If you’re enrolled in a qualified high-deductible health plan (HDHP), you must consider how your health savings account (HSA) fits into your estate plan—especially to make sure that any hard-earned money left in your HSA when you die goes where you want it.
What is an HSA?
An HSA is an account whose funds may be used to pay for qualified medical expenses or saved for expenses that arise in the future. These accounts have several tax advantages. You can deduct contributions to the account up to the yearly limit. You pay no income taxes on earnings in the account (such as interest or dividends). And, withdrawals from the account to pay for qualified medical expenses are tax-free. An HSA is an option for any one enrolled in a qualified HDHP. Your insurer will be able to tell you if you have a qualified HDHP.
Unused HSA funds may be carried over into the following year, which is in sharp contrast to a flexible spending account (FSA), whose funds are considered “use it or lose it,” because you can only carry over up to $500 from one year to the next, as long as your plan allows for the carry over.
An HSA functions as a bank account plus investment account fusion while you’re alive but gets treated more like a retirement account at your death—and this dichotomy makes strategic estate planning that considers all tax ramifications crucial.
Estate Planning with HSAs
How you approach estate planning with your HSA depends largely on your account goals. There are two broad categories of people with HSAs. They are:
(1) Accumulators may use HSA funds for medical expenses, but their overriding intention is to build up a balance year after year and use the HSA as a supplement to retirement funds.
(2) Spenders use HSA funds to pay for qualified medical expenses tax free and their overriding intention is to save income taxes each year by running their qualified medical spending through the account.
Both accumulators and spenders should be concerned with directing where HSA funds should go after death, but contacting an estate planner is an immediate must for accumulators because of the potentially large sums of money and tax issues involved. Without a plan in place, your HSA balance may pass to your heirs through probate, the court-supervised process of distributing a deceased person’s estate. Probate can take several months and add extra expenses for your estate on top of the income tax bill.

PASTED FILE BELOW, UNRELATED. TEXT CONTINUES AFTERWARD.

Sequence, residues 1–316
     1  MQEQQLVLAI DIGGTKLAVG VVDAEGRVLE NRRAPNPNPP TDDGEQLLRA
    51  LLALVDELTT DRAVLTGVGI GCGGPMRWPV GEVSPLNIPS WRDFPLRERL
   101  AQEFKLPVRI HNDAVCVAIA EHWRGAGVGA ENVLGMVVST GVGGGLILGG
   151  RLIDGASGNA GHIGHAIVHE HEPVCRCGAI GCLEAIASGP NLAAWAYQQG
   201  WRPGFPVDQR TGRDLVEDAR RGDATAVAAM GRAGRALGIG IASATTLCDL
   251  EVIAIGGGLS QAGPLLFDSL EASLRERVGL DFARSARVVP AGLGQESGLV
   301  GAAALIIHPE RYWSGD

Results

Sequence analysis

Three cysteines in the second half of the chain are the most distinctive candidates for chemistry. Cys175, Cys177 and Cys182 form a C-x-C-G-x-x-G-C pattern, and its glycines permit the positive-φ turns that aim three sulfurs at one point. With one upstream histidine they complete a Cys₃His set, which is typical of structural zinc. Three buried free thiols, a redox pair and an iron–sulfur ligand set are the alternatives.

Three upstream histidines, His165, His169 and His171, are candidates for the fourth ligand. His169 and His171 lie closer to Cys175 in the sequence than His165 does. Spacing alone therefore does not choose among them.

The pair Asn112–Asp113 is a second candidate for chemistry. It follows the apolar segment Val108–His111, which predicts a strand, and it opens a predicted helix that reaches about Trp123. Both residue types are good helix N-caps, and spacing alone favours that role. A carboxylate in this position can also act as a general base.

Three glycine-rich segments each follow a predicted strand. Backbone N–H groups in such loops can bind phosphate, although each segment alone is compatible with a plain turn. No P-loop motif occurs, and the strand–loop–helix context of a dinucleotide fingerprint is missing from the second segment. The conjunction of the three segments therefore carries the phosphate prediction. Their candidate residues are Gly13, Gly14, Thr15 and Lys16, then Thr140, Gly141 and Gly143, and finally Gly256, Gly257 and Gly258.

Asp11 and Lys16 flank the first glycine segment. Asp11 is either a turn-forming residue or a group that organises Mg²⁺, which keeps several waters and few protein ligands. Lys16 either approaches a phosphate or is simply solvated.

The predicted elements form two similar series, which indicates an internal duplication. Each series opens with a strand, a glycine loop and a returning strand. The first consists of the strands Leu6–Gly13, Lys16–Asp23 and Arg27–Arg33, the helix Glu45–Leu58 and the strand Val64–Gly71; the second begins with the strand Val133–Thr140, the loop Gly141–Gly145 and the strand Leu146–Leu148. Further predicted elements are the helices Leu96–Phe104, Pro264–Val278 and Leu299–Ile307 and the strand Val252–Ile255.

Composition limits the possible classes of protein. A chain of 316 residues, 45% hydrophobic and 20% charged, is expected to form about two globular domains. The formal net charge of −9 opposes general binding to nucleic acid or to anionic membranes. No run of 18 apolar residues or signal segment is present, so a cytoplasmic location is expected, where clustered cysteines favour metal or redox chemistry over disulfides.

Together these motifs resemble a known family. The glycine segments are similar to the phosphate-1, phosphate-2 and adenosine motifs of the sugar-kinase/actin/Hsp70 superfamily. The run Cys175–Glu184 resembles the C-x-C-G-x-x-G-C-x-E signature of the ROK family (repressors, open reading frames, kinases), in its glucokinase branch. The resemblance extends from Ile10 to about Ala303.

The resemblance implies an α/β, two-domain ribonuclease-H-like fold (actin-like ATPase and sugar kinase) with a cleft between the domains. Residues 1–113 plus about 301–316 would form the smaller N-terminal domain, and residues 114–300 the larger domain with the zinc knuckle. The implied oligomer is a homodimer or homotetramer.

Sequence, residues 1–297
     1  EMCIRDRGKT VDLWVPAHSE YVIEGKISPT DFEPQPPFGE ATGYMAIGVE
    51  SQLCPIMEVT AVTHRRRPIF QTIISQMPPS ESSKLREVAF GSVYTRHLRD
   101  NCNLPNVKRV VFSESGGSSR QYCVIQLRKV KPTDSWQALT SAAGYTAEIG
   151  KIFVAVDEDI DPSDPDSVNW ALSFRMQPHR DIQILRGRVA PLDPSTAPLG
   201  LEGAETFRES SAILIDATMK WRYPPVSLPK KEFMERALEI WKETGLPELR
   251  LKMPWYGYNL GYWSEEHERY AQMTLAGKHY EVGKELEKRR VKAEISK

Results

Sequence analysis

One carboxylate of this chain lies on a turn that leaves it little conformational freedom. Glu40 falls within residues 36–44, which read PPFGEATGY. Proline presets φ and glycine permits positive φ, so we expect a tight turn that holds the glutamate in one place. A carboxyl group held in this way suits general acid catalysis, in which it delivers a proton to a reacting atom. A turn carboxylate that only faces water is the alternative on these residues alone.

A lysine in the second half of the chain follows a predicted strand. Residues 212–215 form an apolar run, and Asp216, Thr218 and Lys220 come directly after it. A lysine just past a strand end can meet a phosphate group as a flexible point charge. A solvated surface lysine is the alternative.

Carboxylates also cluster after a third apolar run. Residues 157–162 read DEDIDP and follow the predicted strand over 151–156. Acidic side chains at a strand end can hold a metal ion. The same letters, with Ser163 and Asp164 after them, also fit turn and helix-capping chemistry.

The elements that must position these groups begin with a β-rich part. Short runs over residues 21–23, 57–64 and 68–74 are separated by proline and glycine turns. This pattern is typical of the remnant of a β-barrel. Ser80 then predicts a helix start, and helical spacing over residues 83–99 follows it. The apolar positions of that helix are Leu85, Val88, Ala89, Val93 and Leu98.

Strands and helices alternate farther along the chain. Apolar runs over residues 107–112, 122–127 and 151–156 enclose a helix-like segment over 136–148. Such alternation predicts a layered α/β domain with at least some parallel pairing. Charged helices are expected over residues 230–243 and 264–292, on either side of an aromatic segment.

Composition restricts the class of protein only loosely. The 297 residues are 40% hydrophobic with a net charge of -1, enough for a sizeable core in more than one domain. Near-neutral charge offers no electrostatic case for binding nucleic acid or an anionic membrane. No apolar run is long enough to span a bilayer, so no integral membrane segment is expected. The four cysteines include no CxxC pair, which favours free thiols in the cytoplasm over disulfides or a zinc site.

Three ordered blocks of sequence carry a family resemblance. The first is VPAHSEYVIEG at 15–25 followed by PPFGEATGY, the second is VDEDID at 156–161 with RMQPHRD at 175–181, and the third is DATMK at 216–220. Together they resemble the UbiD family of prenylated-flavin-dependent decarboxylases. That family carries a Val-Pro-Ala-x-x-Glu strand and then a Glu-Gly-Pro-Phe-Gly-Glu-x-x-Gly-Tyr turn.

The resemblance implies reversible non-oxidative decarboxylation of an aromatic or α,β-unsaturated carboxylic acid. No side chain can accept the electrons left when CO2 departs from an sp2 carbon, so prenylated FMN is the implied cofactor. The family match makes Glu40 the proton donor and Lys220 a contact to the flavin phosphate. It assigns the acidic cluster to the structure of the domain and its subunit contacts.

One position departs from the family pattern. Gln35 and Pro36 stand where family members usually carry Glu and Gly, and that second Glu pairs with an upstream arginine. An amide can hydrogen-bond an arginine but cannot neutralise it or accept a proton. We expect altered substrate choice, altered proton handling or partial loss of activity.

The easiest way to avoid probate for your HSA is to designate a beneficiary to receive the funds upon your death. Many people name a spouse as a beneficiary. A surviving spouse who receives an HSA can continue to treat the funds as an HSA, allowing the spouse to continue to defer taxes and use the money for qualified health expenses.
You may also choose to name a non-spouse beneficiary, perhaps because you are unmarried or have children from a previous marriage. For non-spouse beneficiaries, the account will cease being an HSA upon your death, the HSA fair market value becomes taxable income to the beneficiary in the year of your death, and the account balance (less income taxes) is distributed to your named beneficiaries.
Another option is to name a trust as the beneficiary of your account. This can be a particularly good option if you would like to leave the funds to a minor. If you leave the account to a trust, the HSA amount becomes taxable income on your final income tax return, and funds pass to the trust for the benefit of the beneficiary. For minor beneficiaries, this avoids costly guardianship proceedings for the minor’s inheritance. For other beneficiaries, a trust may offer better asset protection, divorce protection, and privacy than leaving the account outright.
Your family can pay your medical bills out of the account within a year of the death. Depending on your other assets, paying final medical bills out of the HSA can result in significant savings. If a loved one has passed away and had an HSA, it’s always a good idea to obtain a professional opinion before paying the deceased’s medical bills.
Overall, HSAs can be extremely useful tools in retirement, tax planning, and estate planning, but the tax rules surrounding them are complex. To maximize your benefits and do what’s best for you and your loved ones, call our offices for a consultation today.
The information above is general in nature and is not legal advice specific to your situation. If you have questions about your business, estate plan, or protecting your business or personal assets, you should speak with an attorney in your area for legal advice. If you live or do business in California and would like to speak with The Law Office of Tawnya Gilreath regarding your situation, please opens in a new windowschedule an appointment.